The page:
- The modulation effects can really enhance your tone
- The percussive CLICK knob allows you to completely change the feel of each organ
- Dual output for a more versatile rig setup
- Preset names printed on the face of the pedal (handier than it sounds)
- Simple to use
- Uses a buffered bypass (some people won’t see this as a negative)
- Requires you to reconsider your existing rig set up
- Some presets sound bad in the upper range of the guitar
Who is it for?
Cover bands – if you play in a band without a keyboard player and some of the songs you play use an organ, this is a no-brainer. While you could use a MIDI pickup, this is a far simpler option and arguably produces a more enjoyable tone. Switching to an organ sound to let rip on a solo will definitely turn some heads. Otherwise, being able to create a layered sound mixed between guitar and organ is a great way to fill your band’s sound out (great for a three-piece band).
Songwriters – this pedal forces you to think like an organ musician. From a creativity point of view, it’s a great way to think about chords, melody and rhythm in a fresh way. I found myself coming up with a lot of material for new songs after experimenting with the different presets.
Blues/Jazz/Gospel fans – the organ is such a distinctive instrument and is used in a wide range of styles. Being able to switch to an organ sound in an instant is a great way to expand your musical range and look at songs in a new way.
Who isn’t it for?
Obviously, if you’re not interested in having an organ in music, this pedal isn’t for you. Yes, you could use it to create interesting textures, but it probably won’t hold your interest in that way. If you don’t really like the styles of music that use an organ, then this pedal isn’t for you.
Also, keep in mind that it takes a bit of time to learn how to use this pedal properly from a musical point of view. All your standard licks and riffs probably won’t sound right when used with the B9. So unless you are willing to study how organs are normally used in music, you probably won’t be thrilled with the results.
How to get the most out of the B9 Organ Machine
The B9 Organ Machine has a lot of potential. To get the most out of it, here are a few starting tips:
- Start with the pedal volume low then bring it up to level after turning the effect on. A piercing screech on this pedal because you had the volume up too high isn’t something I want to experience again!
- Study music that uses an organ. Try to learn what the organ plays and copy it on guitar. The most time and effort you put into understanding how an organist would create music, the better results you will end up with.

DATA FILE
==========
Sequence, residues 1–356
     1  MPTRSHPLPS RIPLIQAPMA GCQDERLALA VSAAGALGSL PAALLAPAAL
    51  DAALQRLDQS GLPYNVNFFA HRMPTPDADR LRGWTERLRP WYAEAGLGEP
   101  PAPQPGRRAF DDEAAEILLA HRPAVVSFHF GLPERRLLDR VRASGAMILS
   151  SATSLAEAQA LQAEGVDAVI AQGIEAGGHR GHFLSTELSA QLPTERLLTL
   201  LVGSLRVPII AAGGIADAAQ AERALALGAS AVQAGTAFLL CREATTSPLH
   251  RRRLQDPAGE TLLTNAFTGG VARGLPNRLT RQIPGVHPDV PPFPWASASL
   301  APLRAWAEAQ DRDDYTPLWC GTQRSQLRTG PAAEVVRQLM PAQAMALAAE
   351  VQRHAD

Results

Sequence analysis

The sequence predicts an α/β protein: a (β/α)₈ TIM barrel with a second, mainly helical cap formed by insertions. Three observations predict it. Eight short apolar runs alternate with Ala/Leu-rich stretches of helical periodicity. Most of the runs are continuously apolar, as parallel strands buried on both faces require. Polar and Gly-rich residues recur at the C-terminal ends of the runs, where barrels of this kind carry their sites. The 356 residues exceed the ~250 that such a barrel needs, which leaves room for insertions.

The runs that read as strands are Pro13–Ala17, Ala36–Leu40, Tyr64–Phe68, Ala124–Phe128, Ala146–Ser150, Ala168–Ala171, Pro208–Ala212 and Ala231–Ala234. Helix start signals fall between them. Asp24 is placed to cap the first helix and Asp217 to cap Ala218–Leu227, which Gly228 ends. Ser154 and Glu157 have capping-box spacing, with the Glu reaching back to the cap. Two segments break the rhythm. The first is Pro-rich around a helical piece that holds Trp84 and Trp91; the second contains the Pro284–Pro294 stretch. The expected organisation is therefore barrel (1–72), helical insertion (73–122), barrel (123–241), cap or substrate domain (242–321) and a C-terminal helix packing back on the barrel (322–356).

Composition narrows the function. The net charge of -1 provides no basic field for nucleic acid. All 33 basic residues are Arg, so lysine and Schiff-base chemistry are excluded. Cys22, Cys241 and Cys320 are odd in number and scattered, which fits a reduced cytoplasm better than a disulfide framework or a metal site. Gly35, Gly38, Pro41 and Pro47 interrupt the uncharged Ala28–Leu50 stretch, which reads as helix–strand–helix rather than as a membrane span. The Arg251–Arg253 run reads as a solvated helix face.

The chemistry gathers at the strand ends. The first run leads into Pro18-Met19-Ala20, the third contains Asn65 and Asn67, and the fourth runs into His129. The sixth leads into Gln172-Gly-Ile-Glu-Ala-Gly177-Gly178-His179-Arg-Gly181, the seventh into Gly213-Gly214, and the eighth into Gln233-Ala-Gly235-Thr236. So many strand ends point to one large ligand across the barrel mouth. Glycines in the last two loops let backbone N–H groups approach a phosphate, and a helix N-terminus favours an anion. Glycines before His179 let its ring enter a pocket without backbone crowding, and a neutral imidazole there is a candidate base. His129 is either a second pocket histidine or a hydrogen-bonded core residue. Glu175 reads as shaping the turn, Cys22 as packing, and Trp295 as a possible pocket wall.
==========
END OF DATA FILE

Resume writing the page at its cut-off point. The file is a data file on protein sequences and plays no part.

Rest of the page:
- Start with the MOD knob turned down then bring it up to learn how the modulation changes each preset. Just because modulation is available, doesn’t mean you should use it all the time. Only use effects when they add to your tone – sometimes it is better to have them turned off.
- Experiment with the CLICK knob. Remember that for some presets this actually controls the modulation depth so learn how the knob changes each preset. Depending on the style of music you play you may prefer less CLICK so experiment with different settings
- Learn what other effects from your rig work well with the B9 and when you should/shouldn’t use them. Connecting a wah to the B9 for example is a unique experience! Especially with a bit of distortion. Experiment and don’t feel restricted to only producing traditional organ sounds. Use the pedal creatively.
Alternatives to the B9 Organ Machine
Since the B9 first came out, EHX have expanded their range of pedals to cover other types of keyboards and organs. The C9 Organ Machine provides 9 different organ sounds. The Key9 Electric Piano Machine recreates keyboard and electric piano sounds. The Mel9 Tape Replay Machine recreates Mellotron sounds. If you like the idea of the B9 but want different sounds, one of these pedals may suit your style better.
An alternative to using a pedal to recreate organ/keyboard sounds is to use a MIDI system. The way this works is you use a MIDI pickup system such as the Roland GK-3 and connect it to something like the Roland GR-55. This option is far more expensive and requires a lot more gear, but the advantage is that in addition to creating organ sounds, you can produce any other instrument sounds (synths, bass, string instruments, brass instruments, ambient, etc.). Having MIDI pickups on your guitar completely opens your tonal possibilities.
To learn how a MIDI system can open up your playing, check out my guide on MIDI here. I cover all the options worth considering and why MIDI is worth considering.
If you’re only interested in an organ sound, the B9 Organ Machine is a far simpler and cheaper option. Alternatively, if you want to produce other instrument sounds, a MIDI pickup system will give you the flexibility not possible with pedals.
See information on pricing, availability and other reviews on the B9 here.